Editors: Phil Hubbard, Rob Kitchin and Gill Valentine
Price: £65.00 and £22.99
ISBN 9781412922609 and 2616
A book that will delight students on third-year history and philosophy of geography courses everywhere, Key Texts in Human Geography is a primer of 26 interpretative essays designed to open up the subject's landmark monographs of the past 50 years to critical interpretation. The commissioned essays aim to assess the impacts, responses, significance and legacies of the books they discuss while evaluating their key arguments and providing a guide to how they should be read. In this sense, the book is brilliantly successful. The essays are uniformly excellent and the enthusiasm of the authors for the project shines through in the text.
A book such as this, though, will inevitably provoke debate and controversy. Part of this will concern the choices the editors made and part will be about the way the book will be used by students. For those students who would have engaged with the original texts anyway, this will be an invaluable companion; for many others, it will be an invaluable crib sheet. The editors anticipate the majority of these responses in their lively introduction. Like a list of 100 best movies, not everyone will agree with the choices but, for my money, this is as good a list as any and one that accurately reflects the curricula of the courses for which it is designed.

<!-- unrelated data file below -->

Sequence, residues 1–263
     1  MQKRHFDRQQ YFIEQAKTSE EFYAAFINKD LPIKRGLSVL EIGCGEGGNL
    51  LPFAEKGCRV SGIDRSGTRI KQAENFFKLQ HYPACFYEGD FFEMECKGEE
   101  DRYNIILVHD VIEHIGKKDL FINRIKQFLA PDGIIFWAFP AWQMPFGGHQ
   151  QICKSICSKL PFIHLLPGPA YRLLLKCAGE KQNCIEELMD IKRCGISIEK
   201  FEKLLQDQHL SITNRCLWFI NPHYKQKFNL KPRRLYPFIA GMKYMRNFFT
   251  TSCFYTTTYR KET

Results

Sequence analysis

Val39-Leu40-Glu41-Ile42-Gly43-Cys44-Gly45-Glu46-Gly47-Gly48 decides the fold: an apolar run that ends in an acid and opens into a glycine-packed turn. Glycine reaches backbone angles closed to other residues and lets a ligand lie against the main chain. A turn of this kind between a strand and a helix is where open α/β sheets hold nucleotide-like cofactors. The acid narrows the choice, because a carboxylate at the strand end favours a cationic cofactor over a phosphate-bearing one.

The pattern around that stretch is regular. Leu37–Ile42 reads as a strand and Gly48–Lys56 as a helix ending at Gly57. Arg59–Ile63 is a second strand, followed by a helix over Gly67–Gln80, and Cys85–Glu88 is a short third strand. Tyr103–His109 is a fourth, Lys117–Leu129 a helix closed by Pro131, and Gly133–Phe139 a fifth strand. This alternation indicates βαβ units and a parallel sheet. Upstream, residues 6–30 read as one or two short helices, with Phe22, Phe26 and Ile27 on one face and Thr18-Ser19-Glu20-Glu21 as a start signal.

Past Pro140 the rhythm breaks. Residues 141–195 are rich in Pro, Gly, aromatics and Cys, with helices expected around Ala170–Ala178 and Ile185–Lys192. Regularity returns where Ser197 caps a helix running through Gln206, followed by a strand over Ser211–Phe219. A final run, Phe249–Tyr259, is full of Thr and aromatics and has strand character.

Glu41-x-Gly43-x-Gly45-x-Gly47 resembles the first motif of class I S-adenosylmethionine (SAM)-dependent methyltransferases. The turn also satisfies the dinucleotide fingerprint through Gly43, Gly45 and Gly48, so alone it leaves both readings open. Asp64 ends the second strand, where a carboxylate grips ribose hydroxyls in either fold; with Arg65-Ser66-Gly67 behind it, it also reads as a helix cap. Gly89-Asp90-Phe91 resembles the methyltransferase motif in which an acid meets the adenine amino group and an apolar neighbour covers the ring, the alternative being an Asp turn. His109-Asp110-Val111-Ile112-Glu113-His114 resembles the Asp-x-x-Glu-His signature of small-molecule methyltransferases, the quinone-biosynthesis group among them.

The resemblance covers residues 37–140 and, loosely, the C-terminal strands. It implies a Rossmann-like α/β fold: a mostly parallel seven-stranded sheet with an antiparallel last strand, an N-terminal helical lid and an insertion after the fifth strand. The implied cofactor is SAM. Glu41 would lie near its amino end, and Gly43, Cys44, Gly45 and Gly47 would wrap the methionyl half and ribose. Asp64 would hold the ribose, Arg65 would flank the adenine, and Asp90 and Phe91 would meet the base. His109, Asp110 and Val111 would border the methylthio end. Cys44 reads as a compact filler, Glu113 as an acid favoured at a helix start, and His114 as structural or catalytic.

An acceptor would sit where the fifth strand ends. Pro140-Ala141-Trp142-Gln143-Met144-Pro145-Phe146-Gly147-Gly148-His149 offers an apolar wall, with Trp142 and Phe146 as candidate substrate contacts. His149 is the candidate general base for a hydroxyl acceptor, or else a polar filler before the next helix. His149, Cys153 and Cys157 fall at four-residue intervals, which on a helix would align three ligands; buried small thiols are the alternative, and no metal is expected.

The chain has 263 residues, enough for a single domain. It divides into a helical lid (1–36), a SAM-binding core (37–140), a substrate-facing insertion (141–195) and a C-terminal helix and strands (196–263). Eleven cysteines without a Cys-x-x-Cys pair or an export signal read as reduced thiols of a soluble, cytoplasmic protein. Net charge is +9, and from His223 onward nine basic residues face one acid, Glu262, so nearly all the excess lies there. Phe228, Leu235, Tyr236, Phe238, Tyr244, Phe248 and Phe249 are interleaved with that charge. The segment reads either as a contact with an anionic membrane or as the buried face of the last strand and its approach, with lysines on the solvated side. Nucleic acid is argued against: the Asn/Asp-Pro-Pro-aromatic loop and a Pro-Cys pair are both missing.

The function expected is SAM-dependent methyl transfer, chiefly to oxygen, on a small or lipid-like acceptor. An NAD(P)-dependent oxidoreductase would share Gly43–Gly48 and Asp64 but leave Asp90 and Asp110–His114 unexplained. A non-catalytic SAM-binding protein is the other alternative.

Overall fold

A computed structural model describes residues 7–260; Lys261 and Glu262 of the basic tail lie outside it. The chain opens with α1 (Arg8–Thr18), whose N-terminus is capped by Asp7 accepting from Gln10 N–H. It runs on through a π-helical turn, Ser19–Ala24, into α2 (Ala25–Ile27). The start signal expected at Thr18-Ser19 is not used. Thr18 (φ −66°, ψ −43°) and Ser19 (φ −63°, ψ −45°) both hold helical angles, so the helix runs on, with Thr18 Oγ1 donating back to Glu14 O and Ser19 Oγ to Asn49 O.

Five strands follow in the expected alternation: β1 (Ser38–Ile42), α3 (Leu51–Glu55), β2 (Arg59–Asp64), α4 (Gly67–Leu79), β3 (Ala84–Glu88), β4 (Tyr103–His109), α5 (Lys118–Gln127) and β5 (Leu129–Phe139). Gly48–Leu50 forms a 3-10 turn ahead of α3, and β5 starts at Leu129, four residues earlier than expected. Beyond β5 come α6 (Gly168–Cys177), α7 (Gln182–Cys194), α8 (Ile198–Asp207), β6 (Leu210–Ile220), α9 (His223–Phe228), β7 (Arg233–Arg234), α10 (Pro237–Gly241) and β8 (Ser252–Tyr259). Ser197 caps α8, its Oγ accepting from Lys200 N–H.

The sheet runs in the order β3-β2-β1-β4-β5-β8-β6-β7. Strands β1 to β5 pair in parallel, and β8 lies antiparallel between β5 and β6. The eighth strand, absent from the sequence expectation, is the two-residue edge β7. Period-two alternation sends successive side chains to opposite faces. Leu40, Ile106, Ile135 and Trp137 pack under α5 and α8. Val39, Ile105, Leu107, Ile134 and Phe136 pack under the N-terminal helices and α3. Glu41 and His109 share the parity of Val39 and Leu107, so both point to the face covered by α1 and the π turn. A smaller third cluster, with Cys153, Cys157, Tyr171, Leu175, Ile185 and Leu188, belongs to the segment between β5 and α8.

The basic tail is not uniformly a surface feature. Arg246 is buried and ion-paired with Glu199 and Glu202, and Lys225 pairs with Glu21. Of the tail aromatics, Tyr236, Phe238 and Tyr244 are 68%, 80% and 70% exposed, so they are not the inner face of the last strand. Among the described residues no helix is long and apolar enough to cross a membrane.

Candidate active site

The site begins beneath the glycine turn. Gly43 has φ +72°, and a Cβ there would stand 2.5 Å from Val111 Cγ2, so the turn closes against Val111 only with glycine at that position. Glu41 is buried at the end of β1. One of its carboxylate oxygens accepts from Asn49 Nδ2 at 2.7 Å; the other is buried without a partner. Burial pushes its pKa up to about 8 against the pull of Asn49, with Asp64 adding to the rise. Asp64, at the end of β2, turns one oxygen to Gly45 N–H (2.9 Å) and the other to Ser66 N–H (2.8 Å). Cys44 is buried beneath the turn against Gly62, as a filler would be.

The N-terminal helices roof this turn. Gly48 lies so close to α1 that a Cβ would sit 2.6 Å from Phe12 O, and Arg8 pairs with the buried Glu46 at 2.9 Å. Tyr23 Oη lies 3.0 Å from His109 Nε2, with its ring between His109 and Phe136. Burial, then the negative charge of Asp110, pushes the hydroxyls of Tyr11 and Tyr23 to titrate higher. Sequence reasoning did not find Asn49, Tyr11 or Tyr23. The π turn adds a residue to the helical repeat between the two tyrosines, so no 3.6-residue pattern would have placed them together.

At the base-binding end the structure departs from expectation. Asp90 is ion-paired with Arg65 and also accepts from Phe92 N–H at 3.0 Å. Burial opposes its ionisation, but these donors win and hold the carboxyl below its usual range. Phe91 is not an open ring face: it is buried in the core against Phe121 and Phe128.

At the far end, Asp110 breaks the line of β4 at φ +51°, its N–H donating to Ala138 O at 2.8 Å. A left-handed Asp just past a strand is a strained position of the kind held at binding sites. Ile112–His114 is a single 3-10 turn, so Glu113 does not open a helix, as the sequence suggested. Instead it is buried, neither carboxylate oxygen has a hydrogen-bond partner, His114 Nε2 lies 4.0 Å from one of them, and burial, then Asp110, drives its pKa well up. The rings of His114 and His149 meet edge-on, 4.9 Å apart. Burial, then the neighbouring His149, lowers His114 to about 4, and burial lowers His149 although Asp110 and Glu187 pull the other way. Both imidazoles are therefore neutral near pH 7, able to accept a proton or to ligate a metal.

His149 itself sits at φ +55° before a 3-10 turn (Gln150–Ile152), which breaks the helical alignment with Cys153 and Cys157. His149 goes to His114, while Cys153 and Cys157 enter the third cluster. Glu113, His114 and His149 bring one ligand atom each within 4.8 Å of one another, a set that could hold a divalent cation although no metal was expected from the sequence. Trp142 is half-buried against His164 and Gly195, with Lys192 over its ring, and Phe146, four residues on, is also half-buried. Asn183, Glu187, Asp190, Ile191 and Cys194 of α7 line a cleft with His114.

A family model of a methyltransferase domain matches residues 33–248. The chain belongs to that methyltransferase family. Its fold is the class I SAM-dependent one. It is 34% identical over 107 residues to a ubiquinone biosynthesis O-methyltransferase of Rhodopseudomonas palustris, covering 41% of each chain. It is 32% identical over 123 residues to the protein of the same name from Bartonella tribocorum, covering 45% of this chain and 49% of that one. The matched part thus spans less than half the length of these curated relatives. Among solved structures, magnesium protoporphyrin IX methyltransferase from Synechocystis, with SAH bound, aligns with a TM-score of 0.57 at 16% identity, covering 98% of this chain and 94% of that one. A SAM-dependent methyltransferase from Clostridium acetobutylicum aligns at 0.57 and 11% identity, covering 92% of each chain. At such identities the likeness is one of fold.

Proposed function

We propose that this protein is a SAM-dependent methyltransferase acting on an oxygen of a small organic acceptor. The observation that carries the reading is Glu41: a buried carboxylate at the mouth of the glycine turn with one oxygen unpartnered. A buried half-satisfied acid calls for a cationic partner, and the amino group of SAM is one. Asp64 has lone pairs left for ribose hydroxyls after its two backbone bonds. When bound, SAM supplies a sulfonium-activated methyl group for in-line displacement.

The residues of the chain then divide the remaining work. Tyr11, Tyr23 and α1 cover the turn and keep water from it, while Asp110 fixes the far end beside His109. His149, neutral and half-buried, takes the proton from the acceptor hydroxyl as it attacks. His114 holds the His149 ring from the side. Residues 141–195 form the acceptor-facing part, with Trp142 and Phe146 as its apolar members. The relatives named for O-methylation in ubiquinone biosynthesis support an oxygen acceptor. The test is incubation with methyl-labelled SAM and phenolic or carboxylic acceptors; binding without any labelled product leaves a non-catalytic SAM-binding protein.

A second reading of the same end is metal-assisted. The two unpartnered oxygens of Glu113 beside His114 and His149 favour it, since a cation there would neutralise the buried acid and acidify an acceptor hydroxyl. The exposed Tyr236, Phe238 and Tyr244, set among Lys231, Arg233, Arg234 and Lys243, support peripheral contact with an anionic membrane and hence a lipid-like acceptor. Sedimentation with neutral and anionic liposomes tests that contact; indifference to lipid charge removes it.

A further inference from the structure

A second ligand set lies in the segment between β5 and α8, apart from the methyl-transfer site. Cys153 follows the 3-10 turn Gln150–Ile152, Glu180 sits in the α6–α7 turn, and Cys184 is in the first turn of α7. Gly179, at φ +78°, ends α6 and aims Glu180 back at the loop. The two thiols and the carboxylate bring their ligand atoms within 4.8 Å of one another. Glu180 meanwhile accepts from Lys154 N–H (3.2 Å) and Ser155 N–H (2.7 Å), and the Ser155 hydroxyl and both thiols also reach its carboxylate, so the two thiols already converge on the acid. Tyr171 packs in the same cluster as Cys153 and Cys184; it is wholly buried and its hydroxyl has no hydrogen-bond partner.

This is both the book's strength and its weakness. While it will find itself at the top of a thousand module handouts, this book, like others that retell the history of the discipline and the courses they serve, perpetuates a distanced, clinical story of the development of human geography, shorn of the messiness and hence the richness of what really happened. It is as if there were only generals and no foot soldiers, or at least the foot soldiers blindly followed the generals' lead, incapable of making their own histories. Of course it was nothing like this. Ask almost anyone who worked through the quantitative revolution and they will tell you it wasn't like it said in Geography and Geographers.
The basis of a more interesting history of the discipline lies in fragments such as James Sidaway's discussion of the production of British geography in the mid 1990s published in the Transactions of the Institute of British Geographers in 1997 and in Alan Jenkins and Andrew Ward's oral history of a geography department from the Journal of Geography in Higher Education (2001).
I loved reading this book, I really did. In what it set out to do it succeeds superbly, but it is firmly located within a discourse that covers only about 5 per cent of the history of human geography. Hopefully soon someone will get round to writing the history of the other 95 per cent.
Who is it for? Upper-level geography undergraduates.
Presentation: The content is accessible and engaging and extols the benefits of reading the original texts.
Would you recommend it? Absolutely. It is a perfect companion to the history of human geography. Perhaps our conceptions of the subject need to be rethought, however.